Want to know how to write a memoir? It takes a bit more than fishing through your photo albums and diary entries and typing up your life’s story. Crafting a brilliant memoir is a writing feat unto itself; some of the most powerful, engaging, hilarious and heartwarming books out there are memoirs. Yet, there tends to be a lot of confusion surrounding what exactly a memoir is, much less what elements come together to create a good one.
Follow these 5 rules for writing a powerful memoir
1. Narrow your focus. Know that memoirs are not autobiographies.
While an autobiography (like Agatha Christie’s Agatha Christie: An Autobiography) covers the entire trajectory of one person’s life from beginning to end, memoirs are much more focused and exploratory. A memoir author’s first task is to determine the specific theme he wants to pinpoint and investigate, or the precise time period in his life that encompassed a great personal transformation that he wants to show.
Examples are Frank McCourt’s Angela’s Ashes, or Running With Scissors by Augusten Borroughs. Each does not chronologically list the author’s life events. Thank goodness — trying to squeeze too much into one book would have diluted the stories and smothered the themes and messages. You want the reader to come away with both a sense of enlightenment and a yearning to know more.
2. Borrow fiction techniques…
Anyone who’s gotten lost in a mesmerizing memoir knows that fiction methods like scene description, sensory detail and dialogue are what draw readers into the author’s own personal world. Even larger story-structuring techniques synonymous with novel writing (like constructing a story structure and plotting a character arc), can helpfully frame the memoir around life events you find significant.
Ask yourself: What was the moment in my life that sent me on a whole new trajectory? Were there moments of great conflict in my life? See how you can make them the key moments that your memoir’s structure revolves around.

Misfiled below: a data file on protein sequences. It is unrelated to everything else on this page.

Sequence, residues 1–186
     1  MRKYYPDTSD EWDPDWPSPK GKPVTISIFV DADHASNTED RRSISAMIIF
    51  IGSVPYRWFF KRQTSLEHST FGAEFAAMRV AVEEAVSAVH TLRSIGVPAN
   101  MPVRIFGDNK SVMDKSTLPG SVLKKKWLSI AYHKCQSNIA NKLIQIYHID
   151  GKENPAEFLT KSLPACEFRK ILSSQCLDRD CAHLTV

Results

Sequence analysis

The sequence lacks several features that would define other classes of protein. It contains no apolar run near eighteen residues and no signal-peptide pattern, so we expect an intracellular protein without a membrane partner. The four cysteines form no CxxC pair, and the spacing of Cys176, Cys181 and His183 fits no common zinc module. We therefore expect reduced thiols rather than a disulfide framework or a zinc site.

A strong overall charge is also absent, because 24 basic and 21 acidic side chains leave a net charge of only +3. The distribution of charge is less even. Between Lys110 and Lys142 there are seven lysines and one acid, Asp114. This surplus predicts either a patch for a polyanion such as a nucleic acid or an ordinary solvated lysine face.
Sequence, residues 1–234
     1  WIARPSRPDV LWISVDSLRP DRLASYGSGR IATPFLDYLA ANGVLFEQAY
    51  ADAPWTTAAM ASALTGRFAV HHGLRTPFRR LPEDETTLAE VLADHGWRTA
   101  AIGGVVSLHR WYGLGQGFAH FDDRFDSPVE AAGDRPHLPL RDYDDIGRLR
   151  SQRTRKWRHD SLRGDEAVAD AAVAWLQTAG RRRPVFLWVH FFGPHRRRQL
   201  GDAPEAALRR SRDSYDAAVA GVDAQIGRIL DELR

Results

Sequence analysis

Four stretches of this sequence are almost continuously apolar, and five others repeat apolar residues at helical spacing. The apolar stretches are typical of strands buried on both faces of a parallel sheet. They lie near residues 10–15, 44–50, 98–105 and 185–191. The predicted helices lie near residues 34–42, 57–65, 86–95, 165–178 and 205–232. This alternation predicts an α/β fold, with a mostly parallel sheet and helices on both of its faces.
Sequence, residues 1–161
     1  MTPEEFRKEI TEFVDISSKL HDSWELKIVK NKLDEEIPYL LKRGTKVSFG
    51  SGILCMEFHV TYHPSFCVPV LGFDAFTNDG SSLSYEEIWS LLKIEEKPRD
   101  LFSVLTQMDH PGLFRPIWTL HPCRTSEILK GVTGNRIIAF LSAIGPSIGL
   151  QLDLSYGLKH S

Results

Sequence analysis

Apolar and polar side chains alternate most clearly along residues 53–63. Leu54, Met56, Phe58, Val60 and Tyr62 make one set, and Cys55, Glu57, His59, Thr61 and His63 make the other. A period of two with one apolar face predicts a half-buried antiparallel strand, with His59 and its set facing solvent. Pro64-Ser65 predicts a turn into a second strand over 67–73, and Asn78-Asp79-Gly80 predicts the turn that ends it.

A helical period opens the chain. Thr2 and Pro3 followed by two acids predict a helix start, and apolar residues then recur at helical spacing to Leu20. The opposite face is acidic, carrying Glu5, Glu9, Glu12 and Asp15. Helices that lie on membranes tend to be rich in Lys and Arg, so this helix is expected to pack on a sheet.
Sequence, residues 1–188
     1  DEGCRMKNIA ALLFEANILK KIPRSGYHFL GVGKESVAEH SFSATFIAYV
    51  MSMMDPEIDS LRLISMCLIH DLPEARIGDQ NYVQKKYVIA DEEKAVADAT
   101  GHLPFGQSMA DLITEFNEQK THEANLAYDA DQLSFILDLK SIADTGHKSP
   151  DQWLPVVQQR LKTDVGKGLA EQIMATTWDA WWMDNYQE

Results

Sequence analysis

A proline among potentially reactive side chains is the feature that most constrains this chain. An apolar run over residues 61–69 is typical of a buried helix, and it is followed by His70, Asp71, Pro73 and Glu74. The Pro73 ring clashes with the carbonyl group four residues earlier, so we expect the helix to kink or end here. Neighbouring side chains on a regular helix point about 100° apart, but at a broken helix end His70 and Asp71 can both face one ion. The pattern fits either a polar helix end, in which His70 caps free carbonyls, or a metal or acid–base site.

3. …but, don’t invent.
Warning: While embracing the flowery nature of fiction writing can enhance your memoir, it’s important to make sure you don’t get carried away with fiction techniques. You cannot invent events that did not happen (e.g. a marriage that never occurred, a death in the family). While dialogue may not be 100% accurate, be sure that the conversation actually took place.
Being honest with your readers is important for many reasons. Remember the controversy surrounding James Frey’s A Million Little Pieces? Crossing the line of embellishment into deception not only cheats your readers, but can also damage your future as an author.
4. Show More; Tell Less.
I often urge this rule to show, not tell with my fiction authors, but for memoir authors, this concept is essential. Putting the reader in your shoes is the most effective way to not only share your perspective in the most meaningful way, but also to invite the reader to draw her own conclusions about your life. Unfolding a scene before readers instead of simply telling a series of events best deals with the often sensitive, emotional content of many memoirs.
When you show more, you avoid the trap of judging. For instance, instead of inserting your own opinion by caustically labeling someone an “abusive alcoholic,” or a “spiteful lover,” (which can mark you as a negative, potentially bitter voice in your reader’s eyes), show the reader how this character acted wrongly. Paint a scene where this person abused alcohol and then abused you. Show readers a scene where your former lover acted maliciously. Strive to make them feel the emotions you yourself felt. By using this technique to plant readers in your own point-of-view, readers will come to their own conclusions about your experience; this is much more powerful than simply telling them what happened.
5. Explore truth and don’t cast judgement.
As I mentioned above, many fall into the trap of judging others in their retelling of them. It’s only natural; as human beings, we can’t help but view someone — especially someone who wronged us — in a certain light. It is difficult to let go of the emotional charge we associate with another person. Yet, it is the duty of a memoir author to reflect on these experiences, explore truth, and try to view a person in all of his colors. Even if you are angry about this person, ask yourself: What was his perspective of the situation?
The point of a memoir isn’t to get back at people; it’s an alternate medium for exploring your past to shine light on a greater truth, to help others who may be in similar situations, to inspire, and to entertain. Above all, the purpose of a memoir is to reflect upon a life — without surrendering yourself to the truth-seeking process, you risk writing a work that doesn’t do your story justice.